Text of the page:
WaPo: “Flying blind is no way to survive a pandemic”

Finally, I agree with a Washington Post editorial.


Amid the omicron spike, the recent uproar about testing and quarantine rules has spotlighted the current unscientific nature of “the science”.

Biden’s scientific team offers up simultaneously contradictory points of view, small scale ad hoc studies that incite reactionary course reversals, and no logical, fact-based “theory of the case”.

In the words of Rajiv J. Shah, president of the Rockefeller Foundation:

“The United States has been flying virally blind.”

More specifically, Shah argues:

Data is the secret weapon that has helped beat every disease outbreak over the last century.

Data is what moves us from a panic-driven response to a science-driven one, telling us how to fight back and which tools are best.

But, as Covid-19 swept the world one year ago, the United States under-prioritized the need for data and the tests that produce it.

The data-deficient response to Covid-19 is why this pandemic’s been so deadly, so disruptive and so costly.

Currently, only a handful of countries (e.g. Israel, South Africa, Britain) are systematically collecting, analyzing and sharing data that is sufficiently comprehensive, precise and timely to help public health authorities and scientists make informed decisions about relaxing precautions or adapting vaccines and treatments.

Unfortunately, from a data perspective, the United States is in no better position to understand and stop a viral variant today than it was before the pandemic started.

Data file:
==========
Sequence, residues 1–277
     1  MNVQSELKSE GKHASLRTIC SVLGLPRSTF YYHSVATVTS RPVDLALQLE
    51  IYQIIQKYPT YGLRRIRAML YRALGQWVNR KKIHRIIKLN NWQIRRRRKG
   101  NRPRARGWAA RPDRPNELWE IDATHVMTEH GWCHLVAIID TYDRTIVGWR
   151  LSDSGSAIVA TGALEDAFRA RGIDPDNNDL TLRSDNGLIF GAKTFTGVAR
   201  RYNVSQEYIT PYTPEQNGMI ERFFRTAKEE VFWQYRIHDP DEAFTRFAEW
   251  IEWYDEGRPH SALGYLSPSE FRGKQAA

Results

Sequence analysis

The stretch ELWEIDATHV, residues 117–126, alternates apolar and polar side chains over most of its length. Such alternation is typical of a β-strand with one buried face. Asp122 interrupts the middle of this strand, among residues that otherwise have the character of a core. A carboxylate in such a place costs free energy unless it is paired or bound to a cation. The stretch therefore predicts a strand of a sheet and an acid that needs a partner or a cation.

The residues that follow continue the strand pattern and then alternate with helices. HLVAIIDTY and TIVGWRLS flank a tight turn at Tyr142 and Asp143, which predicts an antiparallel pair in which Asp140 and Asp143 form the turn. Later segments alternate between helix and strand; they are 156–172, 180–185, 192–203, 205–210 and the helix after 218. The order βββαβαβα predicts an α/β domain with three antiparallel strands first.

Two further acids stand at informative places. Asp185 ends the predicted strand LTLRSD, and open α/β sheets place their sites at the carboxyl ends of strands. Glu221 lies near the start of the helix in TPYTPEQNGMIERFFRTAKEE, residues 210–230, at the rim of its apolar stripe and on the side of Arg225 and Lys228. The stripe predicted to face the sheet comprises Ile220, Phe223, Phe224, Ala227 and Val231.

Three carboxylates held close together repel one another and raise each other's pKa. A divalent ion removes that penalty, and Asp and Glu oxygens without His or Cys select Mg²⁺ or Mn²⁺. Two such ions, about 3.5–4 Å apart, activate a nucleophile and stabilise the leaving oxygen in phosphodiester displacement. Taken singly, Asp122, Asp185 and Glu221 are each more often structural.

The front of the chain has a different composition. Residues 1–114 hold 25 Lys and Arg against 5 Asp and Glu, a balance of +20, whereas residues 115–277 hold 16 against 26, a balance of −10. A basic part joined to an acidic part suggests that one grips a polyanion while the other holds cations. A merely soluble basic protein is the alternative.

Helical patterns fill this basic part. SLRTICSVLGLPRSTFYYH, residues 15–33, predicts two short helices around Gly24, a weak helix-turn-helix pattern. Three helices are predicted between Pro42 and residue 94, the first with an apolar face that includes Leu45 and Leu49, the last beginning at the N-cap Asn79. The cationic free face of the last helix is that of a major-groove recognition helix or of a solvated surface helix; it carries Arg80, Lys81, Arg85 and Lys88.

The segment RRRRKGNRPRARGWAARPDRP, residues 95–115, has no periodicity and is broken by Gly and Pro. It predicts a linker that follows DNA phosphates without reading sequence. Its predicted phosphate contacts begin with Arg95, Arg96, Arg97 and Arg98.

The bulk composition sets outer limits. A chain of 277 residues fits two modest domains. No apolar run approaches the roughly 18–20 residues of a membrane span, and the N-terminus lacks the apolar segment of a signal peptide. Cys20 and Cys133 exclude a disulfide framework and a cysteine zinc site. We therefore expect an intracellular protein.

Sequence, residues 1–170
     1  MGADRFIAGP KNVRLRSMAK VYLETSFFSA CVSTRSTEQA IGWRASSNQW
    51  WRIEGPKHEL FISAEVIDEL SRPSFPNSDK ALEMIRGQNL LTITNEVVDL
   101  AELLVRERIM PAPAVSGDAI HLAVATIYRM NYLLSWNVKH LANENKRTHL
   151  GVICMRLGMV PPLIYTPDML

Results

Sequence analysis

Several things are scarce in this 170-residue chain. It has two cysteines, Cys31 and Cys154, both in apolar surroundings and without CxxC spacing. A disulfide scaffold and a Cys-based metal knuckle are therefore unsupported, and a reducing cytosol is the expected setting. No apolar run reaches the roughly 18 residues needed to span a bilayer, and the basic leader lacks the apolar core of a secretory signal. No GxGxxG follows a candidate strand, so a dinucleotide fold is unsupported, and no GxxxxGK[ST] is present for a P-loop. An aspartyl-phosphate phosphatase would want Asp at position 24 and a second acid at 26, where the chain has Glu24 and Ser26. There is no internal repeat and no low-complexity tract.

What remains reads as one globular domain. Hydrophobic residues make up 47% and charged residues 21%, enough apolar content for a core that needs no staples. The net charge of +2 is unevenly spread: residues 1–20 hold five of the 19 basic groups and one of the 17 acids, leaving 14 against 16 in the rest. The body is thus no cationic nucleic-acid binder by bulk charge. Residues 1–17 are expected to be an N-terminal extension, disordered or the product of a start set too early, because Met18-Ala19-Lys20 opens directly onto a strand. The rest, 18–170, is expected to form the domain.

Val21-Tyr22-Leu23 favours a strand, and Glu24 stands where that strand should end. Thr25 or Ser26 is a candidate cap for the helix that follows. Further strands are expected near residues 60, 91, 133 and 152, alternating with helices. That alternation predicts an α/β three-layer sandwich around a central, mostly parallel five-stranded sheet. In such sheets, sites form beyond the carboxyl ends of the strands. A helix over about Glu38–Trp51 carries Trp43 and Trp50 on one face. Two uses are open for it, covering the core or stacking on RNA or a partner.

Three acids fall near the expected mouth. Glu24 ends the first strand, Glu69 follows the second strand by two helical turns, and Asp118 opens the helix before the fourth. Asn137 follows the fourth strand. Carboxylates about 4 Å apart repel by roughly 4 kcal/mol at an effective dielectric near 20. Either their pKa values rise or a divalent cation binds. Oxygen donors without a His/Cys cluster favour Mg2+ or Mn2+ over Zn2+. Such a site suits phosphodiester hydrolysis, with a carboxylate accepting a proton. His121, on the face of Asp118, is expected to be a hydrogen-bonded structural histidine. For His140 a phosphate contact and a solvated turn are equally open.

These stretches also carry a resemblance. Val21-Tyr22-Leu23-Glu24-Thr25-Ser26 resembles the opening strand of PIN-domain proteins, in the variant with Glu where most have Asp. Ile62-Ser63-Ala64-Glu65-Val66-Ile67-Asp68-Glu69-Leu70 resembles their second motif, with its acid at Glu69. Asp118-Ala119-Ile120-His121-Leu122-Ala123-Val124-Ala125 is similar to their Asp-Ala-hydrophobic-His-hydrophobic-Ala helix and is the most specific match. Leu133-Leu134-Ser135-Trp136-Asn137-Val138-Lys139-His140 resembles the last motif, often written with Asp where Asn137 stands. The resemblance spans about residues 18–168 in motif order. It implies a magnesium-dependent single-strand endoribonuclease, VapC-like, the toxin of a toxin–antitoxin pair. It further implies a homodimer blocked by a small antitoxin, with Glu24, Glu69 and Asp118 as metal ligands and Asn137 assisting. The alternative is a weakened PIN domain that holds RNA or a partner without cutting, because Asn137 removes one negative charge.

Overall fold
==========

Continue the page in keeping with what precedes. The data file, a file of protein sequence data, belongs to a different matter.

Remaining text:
The United States has not yet built a real-time system of viral surveillance that would allow comprehensive tracking of variants as they move through the population.

As it is now, the CDC pulls together viral surveillance data from a variety of sources, including its own facilities, state public health labs, and university and private laboratories.

The frustrating complexity and diversity of electronic medical records is an ongoing challenge.

The data sets are minimally standardized, key data is often uncollected, data file formats vary and data reporting is sporadic.

So, it can take weeks to build a complete and reliable picture of how a variant is spreading.

By then, it’s often too late and a newer variant must be battled.

The U.S. must take crucial steps to support a national viral surveillance network to defeat Covid-19 and prepare for the next pandemic.

Bottom line: It’s not surprising that there’s no over-riding theory-of-the-case, confusion re: pivotal factors (e.g. prevalence, transmission, re-infection, mitigation effectiveness) and a seemingly endless pandemic.

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